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Jóhann Jóhannsson Celebrated With New Anthology ‘Retrospective I’

‘Retrospective I’ will be issued on 26 April as a deluxe hardcover book edition, with seven albums featuring Jóhannsson’s earlier works.

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Johann Johansson Retrospective I
Photo: Jónatan Grétarsson

A year has passed since the untimely death of Icelandic composer Jóhann Jóhannsson. In tribute to an exceptional artist and musical storyteller, Deutsche Grammophon is set to release a two-volume selection of his most important works. Retrospective I will be issued on 26 April as a deluxe hardcover book edition, with seven albums featuring Jóhannsson’s earlier works, including his previously unreleased soundtrack to the documentary White Black Boy. All seven albums will now be made available on the Yellow Label.

Jóhann Jóhannsson was, in his own words, “obsessed with the texture of sound”. Together with a serious dose of creative inspiration, that obsession enabled him to distil music into primal forms. He had a gift for bringing together highly complex themes and starkly contrasting musical ideas with both apparent ease and striking emotional directness. The composer died a year ago at the age of just 48.

Born in Reykjavík on 19  September 1969 Jóhannsson was involved with music from an early age. As a young man he played in various rock and pop bands and was part of Iceland’s indie scene, before eventually deciding to focus on writing music rather than performing. His debut album, Englabörn, which came out in 2002, reveals that even at that early stage, he was already a master storyteller, a composer who could translate feelings and emotions into powerfully atmospheric soundscapes and compelling musical portraits.

Jóhannsson gained international renown for his 2013 score for the film Prisoners – just two years later he won a Golden Globe and an Oscar nomination for the score for The Theory of Everything. A second Oscar nomination followed in 2016 for the thriller Sicario (2015). He went on to write the scores for the science fiction film Arrival and for The Mercy – the latter album was released shortly before his death; further Hollywood projects were in the pipeline.

A pioneering figure in the contemporary music scene, Jóhannsson ignored the barriers between classical and electronic music. By fusing together Minimalist elements, traditional forms, symphonic expansiveness and both acoustic and electronic sounds, he created not only hynotically lyrical images, but also an entirely new musical idiom.

The selection of early works that have been chosen for  Retrospective I show Jóhannsson to have been a composer of imagination and versatility in equal measure. The earliest recording is Virðulegu Forsetar (2004), an hour-long elegiac work for eleven-piece brass ensemble, percussion, electronics, organ and piano, recorded in Reykjavík’s Hallgrímskirkja.

The soundtrack album Dís features an exceptional array of artists, including members of the bands The Funerals and Singapore Sling, and singer Ragnheiður Gröndal, who all give intensive voice to Jóhannsson’s melancholy narrative. And in the Endless Pause There Came the Sound of Bees – which weaves together orchestral writing with electronic synth sounds in unique style – was written to accompany the animated short Varmints, while The Miners’ Hymns is the audiovisual masterpiece that resulted from a hugely productive collaboration between Jóhannsson and American filmmaker Bill Morrison.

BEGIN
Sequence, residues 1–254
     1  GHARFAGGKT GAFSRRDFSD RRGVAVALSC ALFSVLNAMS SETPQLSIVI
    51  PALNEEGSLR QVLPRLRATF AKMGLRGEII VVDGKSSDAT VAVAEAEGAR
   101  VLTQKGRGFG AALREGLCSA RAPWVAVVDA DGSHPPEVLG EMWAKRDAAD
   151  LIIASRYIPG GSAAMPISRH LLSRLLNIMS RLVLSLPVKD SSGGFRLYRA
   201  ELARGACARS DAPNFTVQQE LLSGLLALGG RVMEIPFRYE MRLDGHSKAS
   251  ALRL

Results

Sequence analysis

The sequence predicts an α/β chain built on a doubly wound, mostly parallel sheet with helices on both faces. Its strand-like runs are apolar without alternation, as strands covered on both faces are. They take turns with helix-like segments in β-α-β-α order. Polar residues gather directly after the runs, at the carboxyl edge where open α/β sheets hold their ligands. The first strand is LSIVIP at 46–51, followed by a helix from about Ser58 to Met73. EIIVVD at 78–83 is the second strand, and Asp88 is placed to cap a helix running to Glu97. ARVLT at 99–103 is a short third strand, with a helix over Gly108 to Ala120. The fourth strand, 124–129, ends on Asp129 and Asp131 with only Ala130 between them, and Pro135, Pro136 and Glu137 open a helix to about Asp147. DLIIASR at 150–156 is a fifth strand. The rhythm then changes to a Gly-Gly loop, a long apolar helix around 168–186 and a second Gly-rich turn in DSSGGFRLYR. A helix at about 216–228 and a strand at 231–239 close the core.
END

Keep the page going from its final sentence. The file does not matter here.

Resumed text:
The documentary soundtrack Copenhagen Dreams is Jóhannsson’s tribute to the city in which he was living at the time – a moving sound collage for string quartet, clarinet, celesta, keyboard and electronics. As for Free the Mind, it was written to underpin a documentary about the power of meditation, and is evocatively scored for orchestra, piano, percussion and electronics.

A special inclusion in this first retrospective volume is Jóhannsson’s score for White Black Boy. Previously unreleased, this is the soundtrack for the Danish documentary of the same name which sensitively tells the story of Shida, a Tanzanian boy with albinism who is taken away from his parents and sent to boarding school, in order to be kept safe from witch doctors who would otherwise target his body parts and blood.

This vibrant and revealing musical portrait of Jóhann Jóhannsson is accompanied by a hardcover book containing essays by Wyndham Wallace and John Schaefer and a generous selection of photos of this most modest of artists, providing further insight into his life and work.

Christian Badzura, Director New Repertoire at Deutsche Grammophon, says: “As Jóhannsson’s releasing label we are honoured to continue celebrating his hugely rich and diverse catalogue, and look forward to issuing previously unreleased recordings and compositions in the years to come.”

Retrospective II will follow in 2020, and will include, among other works, his more recent soundtracks for the films Arrival and The Mercy and the 2016 studio album Orphée. The albums of the Retrospective edition will also be available digitally through platforms including Spotify, Apple Music, Amazon, Deezer, Google Play Music, YouTube Music.

‘Retrospective I’ is out on 26 April and can be bought here.

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